US stock index futures barely changed early Wednesday after major averages ended Tuesday’s session slightly in the red.
Futures contracts linked to the Dow Jones Industrial Average showed an opening profit of around 24 points. S&P 500 futures and Nasdaq 100 futures gained 0.1%.
The proportions of airline and cruise line reopening games were higher in the premarket trade and continued their recent run. Carnival’s stake increased 2%. Southwest’s shares were up 1% in premarket trading.
Jamie Dimon, CEO of JPMorgan Chase, expressed optimism about the US economic comeback after the pandemic in his widely read annual letter published on Wednesday.
“I have little doubt that the US economy is likely to boom with excessive savings, new economic cuts, huge deficit spending, more QE, a new potential infrastructure bill, a successful vaccine and euphoria towards the end of the pandemic,” Dimon said of the letter. “This boom could easily last through 2023 as all spending could extend through 2023.”
The key averages retreated from record highs and closed in negative territory during Tuesday’s regular trading session. The Dow lost 97 points, or 0.3%, breaking a two-day winning streak. The S&P hit a record high but pulled back during afternoon trading, eventually closing 0.1% lower on its first negative session in four years. The Nasdaq Composite was down 0.05% for a three-day winning streak.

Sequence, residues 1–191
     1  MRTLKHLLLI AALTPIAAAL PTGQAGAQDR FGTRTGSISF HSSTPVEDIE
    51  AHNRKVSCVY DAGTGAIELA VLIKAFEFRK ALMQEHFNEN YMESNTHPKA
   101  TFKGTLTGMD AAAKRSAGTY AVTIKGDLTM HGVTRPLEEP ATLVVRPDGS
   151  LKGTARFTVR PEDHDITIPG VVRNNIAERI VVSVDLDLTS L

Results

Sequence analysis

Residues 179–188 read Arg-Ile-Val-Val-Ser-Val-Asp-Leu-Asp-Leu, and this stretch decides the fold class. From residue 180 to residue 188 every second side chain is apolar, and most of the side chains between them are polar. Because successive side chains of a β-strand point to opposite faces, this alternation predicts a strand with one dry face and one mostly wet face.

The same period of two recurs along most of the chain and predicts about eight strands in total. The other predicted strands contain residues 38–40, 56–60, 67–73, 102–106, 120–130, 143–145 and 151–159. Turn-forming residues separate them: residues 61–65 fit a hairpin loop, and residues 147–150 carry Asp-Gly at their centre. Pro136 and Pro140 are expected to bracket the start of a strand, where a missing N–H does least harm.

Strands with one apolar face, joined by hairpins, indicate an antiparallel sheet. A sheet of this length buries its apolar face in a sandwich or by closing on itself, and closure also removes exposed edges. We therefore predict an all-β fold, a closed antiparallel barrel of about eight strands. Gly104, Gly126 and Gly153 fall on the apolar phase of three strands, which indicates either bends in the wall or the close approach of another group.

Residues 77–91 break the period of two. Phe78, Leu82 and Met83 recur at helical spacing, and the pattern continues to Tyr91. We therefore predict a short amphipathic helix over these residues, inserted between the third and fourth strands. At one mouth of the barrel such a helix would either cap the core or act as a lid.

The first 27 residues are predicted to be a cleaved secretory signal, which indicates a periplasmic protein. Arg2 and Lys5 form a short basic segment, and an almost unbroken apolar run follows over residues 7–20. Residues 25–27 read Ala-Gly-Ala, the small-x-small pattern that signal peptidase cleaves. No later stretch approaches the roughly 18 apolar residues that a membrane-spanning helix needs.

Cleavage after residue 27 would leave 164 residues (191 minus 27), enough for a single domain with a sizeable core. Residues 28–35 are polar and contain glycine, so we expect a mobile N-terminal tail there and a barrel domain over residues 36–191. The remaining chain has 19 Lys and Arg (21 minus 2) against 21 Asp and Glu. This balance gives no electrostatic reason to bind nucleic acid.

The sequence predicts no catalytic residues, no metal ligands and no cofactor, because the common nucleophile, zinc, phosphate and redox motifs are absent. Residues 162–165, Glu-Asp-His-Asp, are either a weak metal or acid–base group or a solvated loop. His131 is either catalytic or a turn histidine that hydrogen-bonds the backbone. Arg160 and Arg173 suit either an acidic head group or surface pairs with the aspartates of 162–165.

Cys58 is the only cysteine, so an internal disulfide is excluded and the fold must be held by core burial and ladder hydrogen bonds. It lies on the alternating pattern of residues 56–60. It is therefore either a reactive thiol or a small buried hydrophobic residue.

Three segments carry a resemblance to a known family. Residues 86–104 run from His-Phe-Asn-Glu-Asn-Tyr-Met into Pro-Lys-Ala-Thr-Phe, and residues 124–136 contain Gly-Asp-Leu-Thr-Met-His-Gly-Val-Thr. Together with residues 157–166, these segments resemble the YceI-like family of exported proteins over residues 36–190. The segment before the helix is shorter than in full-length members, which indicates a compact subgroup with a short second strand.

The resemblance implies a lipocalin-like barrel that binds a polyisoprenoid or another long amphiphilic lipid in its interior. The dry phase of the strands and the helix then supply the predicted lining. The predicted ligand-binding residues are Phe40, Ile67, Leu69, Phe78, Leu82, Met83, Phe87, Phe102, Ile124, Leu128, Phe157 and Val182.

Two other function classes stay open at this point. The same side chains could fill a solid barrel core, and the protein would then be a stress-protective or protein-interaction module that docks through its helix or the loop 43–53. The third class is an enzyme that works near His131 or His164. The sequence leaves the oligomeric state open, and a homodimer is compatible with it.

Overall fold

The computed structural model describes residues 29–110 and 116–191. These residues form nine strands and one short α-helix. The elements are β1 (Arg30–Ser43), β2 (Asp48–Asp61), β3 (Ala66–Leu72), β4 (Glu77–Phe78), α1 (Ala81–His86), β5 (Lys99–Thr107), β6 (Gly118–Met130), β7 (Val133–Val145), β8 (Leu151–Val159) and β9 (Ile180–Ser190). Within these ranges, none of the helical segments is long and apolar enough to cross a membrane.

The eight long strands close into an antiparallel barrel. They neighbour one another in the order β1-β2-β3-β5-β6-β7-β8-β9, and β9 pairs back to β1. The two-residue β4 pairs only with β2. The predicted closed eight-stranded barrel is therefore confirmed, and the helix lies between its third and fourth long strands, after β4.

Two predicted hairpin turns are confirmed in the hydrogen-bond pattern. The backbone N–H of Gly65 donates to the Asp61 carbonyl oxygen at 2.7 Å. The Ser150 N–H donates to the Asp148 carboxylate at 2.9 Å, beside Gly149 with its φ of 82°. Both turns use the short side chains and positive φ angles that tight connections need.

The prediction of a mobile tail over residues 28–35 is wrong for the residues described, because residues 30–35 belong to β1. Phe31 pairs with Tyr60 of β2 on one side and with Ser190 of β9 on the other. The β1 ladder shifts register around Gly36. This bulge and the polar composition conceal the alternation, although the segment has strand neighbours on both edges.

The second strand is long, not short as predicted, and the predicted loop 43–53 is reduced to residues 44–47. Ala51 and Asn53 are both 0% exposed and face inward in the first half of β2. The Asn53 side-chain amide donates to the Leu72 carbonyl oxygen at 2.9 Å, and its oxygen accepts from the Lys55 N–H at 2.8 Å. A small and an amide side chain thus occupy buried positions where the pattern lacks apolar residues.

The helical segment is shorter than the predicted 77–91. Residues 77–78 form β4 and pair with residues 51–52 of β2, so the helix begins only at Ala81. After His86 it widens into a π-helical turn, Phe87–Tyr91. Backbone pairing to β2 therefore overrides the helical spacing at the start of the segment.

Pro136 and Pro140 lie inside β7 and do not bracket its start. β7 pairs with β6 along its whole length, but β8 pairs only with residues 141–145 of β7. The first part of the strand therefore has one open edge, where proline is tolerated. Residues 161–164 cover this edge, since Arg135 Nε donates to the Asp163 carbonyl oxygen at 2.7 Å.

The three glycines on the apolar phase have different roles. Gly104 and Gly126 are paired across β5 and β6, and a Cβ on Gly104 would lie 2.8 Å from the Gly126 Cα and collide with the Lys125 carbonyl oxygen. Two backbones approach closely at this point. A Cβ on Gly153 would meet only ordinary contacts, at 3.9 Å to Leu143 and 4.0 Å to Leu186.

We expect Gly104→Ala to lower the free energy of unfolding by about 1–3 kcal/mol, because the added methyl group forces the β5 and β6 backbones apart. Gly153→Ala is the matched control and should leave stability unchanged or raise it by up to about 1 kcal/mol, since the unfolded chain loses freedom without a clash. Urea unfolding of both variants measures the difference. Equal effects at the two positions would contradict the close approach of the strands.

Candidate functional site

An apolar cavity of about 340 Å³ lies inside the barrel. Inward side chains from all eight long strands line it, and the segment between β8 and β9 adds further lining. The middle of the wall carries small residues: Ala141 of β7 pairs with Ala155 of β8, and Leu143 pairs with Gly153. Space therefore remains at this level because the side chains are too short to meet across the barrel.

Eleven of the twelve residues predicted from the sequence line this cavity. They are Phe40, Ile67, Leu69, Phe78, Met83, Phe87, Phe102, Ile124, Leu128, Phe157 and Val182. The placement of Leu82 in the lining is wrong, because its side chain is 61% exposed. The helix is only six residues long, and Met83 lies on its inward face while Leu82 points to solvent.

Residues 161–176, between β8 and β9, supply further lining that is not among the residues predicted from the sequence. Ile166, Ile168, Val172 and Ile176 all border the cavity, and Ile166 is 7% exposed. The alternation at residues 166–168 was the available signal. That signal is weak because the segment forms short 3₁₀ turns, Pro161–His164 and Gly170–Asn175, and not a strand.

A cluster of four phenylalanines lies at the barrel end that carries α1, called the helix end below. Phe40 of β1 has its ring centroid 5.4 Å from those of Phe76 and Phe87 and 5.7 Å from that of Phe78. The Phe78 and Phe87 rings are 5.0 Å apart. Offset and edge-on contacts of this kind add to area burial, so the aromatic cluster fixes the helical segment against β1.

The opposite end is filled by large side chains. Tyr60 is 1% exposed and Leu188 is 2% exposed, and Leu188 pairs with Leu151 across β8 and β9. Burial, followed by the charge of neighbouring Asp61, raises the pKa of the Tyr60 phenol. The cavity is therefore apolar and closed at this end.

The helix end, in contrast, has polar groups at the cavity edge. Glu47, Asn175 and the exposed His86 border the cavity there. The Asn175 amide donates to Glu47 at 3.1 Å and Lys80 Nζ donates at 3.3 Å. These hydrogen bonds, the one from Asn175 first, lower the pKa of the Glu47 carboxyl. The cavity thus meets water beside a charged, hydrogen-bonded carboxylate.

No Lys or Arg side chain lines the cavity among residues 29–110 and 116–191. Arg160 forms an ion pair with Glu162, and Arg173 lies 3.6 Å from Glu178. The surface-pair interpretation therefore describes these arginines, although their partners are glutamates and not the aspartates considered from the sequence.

“There are many reasons to look forward to the months ahead and we are generally optimistic about this year,” said Lindsey Bell, chief investment strategist at Ally Invest. “Stock momentum is undoubtedly strong. But the market may be ready to take a breather as investors digest all the good news, determine how much of it is priced in, and weigh it against uncertain risks like inflation,” she added.
Strong economic data – including the March job report, which significantly exceeded expectations – fueled the rise in stocks in recent sessions. All three major averages lose their fourth straight quarter as Covid-19 economic recovery accelerates.
The International Monetary Fund on Tuesday raised its global economic growth outlook for 2021 to 6%, compared to its January forecast of 5.5%. The organization said that “a way out of this health and economic crisis is becoming increasingly visible”. However, the IMF warned of “formidable challenges” given the uneven pace of vaccine adoption around the world.
“We still see stocks as attractive from a positioning perspective,” said Keith Lerner, Truist’s chief market strategist. “While we expect period setbacks, US stocks have risen 85% of the time during economic expansion and valuations remain attractive relative to fixed income.”
Rising yields have scared investors lately, triggering a rotation of growth into value-driven areas of the market. On Tuesday, the 10-year government bond yield fell to 1.65%.
The Federal Open Market Committee will release the minutes of its March meeting on Wednesday at which the central bank decided to keep interest rates unchanged. The log could give investors an indication of when the Fed might raise interest rates.